Yemen is complicated.

I should say, the politics of Yemen are complicated. Just when it seemed like progress was made (as always through the pushing and shoving of international actors, some of whom have Yemen’s instability in their own best interests), and a transitional period announced by UN Envoy Jamal Ben Omar, ex-President Hadi fled Sana’a to Aden, apparently in women’s clothes (a la’ Imam Badr in 1962) to Aden, where has declared himself the ex-ex-President, taking over duties once again and declaring all political contracts made after September null and void.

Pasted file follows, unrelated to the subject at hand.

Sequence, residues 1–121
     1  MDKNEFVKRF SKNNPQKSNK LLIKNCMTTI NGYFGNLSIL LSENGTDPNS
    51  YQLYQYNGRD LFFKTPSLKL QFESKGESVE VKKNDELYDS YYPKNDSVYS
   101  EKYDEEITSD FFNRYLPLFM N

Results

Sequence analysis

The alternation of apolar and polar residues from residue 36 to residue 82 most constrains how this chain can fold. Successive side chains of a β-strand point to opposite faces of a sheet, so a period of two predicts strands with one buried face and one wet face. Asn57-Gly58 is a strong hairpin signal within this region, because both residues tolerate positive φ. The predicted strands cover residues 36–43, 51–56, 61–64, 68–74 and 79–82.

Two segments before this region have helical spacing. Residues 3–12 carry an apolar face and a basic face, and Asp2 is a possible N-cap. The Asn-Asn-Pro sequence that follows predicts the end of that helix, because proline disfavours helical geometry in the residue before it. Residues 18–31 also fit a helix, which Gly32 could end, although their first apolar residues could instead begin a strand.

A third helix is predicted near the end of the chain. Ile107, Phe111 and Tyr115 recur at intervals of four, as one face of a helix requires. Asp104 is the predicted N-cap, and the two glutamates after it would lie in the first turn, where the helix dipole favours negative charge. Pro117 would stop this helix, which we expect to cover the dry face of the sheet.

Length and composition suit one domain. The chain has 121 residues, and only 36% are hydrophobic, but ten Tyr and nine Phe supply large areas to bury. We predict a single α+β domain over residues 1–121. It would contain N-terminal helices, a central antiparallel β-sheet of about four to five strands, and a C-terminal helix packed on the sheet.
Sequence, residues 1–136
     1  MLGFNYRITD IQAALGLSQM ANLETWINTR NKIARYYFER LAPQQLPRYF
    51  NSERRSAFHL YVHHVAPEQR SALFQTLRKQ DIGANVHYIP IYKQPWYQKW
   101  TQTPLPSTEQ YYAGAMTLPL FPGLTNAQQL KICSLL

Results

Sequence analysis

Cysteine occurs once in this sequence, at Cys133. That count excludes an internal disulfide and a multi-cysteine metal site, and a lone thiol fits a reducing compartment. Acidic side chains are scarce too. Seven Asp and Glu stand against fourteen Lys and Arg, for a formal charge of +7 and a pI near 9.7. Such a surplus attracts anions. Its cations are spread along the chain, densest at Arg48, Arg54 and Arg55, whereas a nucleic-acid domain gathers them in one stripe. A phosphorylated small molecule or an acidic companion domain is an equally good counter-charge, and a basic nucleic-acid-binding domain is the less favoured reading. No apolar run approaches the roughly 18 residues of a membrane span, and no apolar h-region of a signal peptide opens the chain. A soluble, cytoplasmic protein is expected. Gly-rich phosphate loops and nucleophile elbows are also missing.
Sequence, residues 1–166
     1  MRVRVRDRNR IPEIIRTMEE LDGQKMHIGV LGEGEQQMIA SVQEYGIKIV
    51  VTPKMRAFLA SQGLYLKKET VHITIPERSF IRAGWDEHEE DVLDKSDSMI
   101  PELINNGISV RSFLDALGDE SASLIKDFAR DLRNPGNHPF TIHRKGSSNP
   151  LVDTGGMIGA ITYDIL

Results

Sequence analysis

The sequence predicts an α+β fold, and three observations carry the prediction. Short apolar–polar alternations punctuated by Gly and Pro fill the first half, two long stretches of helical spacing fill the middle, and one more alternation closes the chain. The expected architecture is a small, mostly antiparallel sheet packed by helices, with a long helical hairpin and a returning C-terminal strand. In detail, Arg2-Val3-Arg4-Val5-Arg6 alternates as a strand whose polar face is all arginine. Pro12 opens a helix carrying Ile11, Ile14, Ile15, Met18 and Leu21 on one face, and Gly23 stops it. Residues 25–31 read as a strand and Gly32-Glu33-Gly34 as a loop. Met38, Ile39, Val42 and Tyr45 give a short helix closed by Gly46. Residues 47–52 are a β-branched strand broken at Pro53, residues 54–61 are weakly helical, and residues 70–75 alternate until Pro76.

I can’t say anyone could accurately predict what is going to happen next, myself least of all. What I can tell you, is that life is the opposite of politics here in Sana’a. Simply, it goes on as normal. The past week has had few demonstrations, fewer checkpoints, and I’ve gone about my days as normal – buying groceries, working in coffee shops, getting naqsh (yemeni henna) done for a friend’s wedding, waving to the Coat Man, with a dozen or so sport jackets piled on his shoulders, and to the smiling Watch Man in Tahrir, hunkered down over his table of dials and hands. akp_blog_wktwo_02  What is more worrisome to most, rather than conflict, is economic collapse. Should the Rial suddenly lose all it’s value, oil and gas drop out, and all international investment disappear, that would be a real disaster. However, as Laura Kasinof mentioned in her recent Zocalo piece, “Yet I am confident of this: if the Yemeni government…continues to mirror a scenario from an apocalyptic future, Yemen will not be a land where ever man is for himself. There is a social contract in Yemen more ancient than the one that exists in the United States, and the ties that bind people to one another can step in when the government fails.”akp_blog_wktwo_07 (Installing a battery for the house. If there is extensive power outages and fuel shortage – as expected, should conflict come to the deserts of Mareb – a generator won’t be much help. Huge batteries have been popping up for sale everywhere in Sana’a. Hooked up to the grid of the house, it will run four laptops, four lights, the internet, Tv, and a few other appliances for at least 10 hours before it needs recharging. Sustainable energy!)


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